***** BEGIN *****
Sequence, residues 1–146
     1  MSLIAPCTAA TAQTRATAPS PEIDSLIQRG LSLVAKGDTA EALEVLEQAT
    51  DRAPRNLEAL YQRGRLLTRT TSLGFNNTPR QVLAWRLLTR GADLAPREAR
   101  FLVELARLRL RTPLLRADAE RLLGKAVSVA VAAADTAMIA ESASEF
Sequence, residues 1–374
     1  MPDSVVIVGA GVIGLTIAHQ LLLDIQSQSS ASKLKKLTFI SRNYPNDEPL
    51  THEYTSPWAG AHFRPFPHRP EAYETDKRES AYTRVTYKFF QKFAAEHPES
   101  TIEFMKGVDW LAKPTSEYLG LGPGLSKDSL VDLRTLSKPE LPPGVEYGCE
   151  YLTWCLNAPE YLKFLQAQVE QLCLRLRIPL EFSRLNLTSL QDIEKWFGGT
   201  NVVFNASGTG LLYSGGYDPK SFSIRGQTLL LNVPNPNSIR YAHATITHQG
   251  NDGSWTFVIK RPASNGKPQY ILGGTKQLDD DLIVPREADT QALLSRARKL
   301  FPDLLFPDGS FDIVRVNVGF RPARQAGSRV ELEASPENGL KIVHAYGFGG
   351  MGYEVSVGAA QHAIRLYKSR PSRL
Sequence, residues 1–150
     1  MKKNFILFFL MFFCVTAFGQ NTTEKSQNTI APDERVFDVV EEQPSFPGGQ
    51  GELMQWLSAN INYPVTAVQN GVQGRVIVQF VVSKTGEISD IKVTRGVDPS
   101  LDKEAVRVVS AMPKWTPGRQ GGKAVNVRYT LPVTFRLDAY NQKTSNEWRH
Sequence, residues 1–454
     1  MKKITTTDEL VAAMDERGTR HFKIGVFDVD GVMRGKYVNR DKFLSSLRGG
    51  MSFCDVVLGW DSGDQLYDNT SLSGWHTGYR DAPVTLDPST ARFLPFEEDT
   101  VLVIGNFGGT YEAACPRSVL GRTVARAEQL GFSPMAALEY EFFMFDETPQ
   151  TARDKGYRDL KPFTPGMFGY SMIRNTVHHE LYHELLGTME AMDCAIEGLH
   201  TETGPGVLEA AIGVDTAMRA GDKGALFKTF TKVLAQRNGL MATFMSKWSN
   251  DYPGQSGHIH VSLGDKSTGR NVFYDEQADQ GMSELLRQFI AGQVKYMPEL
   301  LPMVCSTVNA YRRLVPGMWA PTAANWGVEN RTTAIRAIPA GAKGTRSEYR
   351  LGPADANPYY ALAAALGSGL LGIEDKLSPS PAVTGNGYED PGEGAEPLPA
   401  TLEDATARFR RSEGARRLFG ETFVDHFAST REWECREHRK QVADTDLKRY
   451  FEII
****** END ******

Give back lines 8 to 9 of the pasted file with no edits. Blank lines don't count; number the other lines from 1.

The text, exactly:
   101  TIEFMKGVDW LAKPTSEYLG LGPGLSKDSL VDLRTLSKPE LPPGVEYGCE
   151  YLTWCLNAPE YLKFLQAQVE QLCLRLRIPL EFSRLNLTSL QDIEKWFGGT